The Children's Leukemia Research Association ("CLRA") is a non-profit organization founded in 1965 which has and continues to support leukemia research projects while providing patient aid to leukemia families in need.
In an effort to answer this question, CLRA has commissioned a team from Nova Southeastern University, in Ft. Lauderdale, Florida to help find the answers.
Significant treatment advances in leukemia treatment have been made in the last decade. However, some children with leukemia have forms of the disease which do not respond to standard chemotherapy initially, or they have a form of the disease which ultimately reoccurs. One of the challenges to the scientific community has been the inability to predict with any degree of certainty which drugs will be effective for each child with leukemia and how to tailor the treatment to achieve the best long lasting cure.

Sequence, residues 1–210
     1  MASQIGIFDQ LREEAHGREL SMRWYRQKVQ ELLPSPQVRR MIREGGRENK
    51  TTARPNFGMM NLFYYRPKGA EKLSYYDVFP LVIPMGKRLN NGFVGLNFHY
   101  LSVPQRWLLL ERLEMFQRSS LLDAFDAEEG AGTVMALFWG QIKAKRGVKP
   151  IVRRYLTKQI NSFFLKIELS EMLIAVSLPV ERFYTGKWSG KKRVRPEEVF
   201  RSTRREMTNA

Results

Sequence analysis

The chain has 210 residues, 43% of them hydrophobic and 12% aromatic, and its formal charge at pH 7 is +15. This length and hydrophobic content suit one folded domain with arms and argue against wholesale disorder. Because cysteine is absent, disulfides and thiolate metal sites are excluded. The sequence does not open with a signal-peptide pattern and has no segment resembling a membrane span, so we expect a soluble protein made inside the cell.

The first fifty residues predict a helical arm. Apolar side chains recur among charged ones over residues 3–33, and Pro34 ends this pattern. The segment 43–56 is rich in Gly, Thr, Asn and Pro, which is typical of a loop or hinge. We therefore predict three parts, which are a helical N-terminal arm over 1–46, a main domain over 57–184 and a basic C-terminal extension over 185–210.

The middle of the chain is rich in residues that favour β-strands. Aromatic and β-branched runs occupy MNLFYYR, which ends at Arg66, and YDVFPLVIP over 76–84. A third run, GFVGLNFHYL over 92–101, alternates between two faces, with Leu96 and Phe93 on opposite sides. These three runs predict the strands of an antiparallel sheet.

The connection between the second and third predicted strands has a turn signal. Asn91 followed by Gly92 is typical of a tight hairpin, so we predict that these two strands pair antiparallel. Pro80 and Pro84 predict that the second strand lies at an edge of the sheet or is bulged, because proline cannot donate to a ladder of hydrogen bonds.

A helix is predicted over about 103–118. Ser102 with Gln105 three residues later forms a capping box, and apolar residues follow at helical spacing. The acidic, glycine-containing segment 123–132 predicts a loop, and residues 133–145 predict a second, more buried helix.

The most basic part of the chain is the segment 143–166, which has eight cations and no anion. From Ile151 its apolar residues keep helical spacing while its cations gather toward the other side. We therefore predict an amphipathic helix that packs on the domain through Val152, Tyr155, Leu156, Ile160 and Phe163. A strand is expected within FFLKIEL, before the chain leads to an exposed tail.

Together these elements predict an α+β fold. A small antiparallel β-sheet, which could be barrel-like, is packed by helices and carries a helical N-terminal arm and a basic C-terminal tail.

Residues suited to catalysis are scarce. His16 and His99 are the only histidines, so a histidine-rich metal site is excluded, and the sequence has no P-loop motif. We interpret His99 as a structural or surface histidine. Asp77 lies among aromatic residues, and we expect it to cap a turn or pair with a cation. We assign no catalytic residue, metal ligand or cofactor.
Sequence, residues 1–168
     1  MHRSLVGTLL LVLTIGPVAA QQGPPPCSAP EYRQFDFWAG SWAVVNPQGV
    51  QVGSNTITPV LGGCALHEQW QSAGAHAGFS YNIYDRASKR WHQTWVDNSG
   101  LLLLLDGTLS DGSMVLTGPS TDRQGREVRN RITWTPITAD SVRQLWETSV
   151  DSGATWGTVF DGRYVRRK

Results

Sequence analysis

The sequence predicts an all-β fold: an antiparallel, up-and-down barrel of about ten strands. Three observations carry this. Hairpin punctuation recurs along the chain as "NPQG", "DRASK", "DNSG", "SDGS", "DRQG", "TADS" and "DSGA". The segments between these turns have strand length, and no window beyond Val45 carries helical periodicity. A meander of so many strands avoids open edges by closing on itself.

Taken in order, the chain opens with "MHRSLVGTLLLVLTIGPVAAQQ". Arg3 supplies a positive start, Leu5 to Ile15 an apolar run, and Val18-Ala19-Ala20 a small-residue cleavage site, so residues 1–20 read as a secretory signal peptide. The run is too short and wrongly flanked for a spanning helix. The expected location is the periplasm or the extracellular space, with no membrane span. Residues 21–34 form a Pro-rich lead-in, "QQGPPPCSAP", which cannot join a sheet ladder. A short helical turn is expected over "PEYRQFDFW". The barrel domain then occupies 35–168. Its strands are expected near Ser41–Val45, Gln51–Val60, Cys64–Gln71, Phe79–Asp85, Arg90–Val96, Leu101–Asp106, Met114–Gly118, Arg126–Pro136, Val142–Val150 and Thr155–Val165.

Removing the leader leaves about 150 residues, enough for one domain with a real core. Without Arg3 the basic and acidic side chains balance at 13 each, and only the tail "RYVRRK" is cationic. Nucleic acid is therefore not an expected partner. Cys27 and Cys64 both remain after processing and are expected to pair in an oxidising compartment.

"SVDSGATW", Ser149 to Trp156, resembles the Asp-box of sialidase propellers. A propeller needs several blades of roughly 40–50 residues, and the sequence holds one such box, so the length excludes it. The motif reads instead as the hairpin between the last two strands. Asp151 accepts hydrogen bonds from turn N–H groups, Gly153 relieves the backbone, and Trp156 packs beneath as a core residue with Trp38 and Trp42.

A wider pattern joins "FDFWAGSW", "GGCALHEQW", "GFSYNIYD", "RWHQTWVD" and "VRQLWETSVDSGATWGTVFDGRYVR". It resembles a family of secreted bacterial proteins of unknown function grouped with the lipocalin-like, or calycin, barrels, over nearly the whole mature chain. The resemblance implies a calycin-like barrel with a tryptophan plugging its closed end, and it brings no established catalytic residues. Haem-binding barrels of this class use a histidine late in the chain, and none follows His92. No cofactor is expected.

Team Nova will be headed by Jean J. Latimer, Ph.D., Associate Professor in the College of Pharmacy at NSU and senior researcher, Dr. Stephen Grant, an expert in the molecular basis of carcinogenesis and in mutational processes from human bone marrow and blood. Team Nova is developing expert collaborations with two well known scientists who work in the area of genomic instability in blood cancers both locally and nationally.
When CLRA was founded, a child diagnosed with leukemia lived at best six months. Today, 46 years later, the scientific community has developed chemotherapy, bone marrow transplantations and various other treatment advances which have resulted in children remaining in remission indefinitely. However, the question remains as to why some children respond favorably to these known therapies and others do not. With CLRA's assistance, Team Nova has set its sights on answering this question.
We are very excited by the possibilities!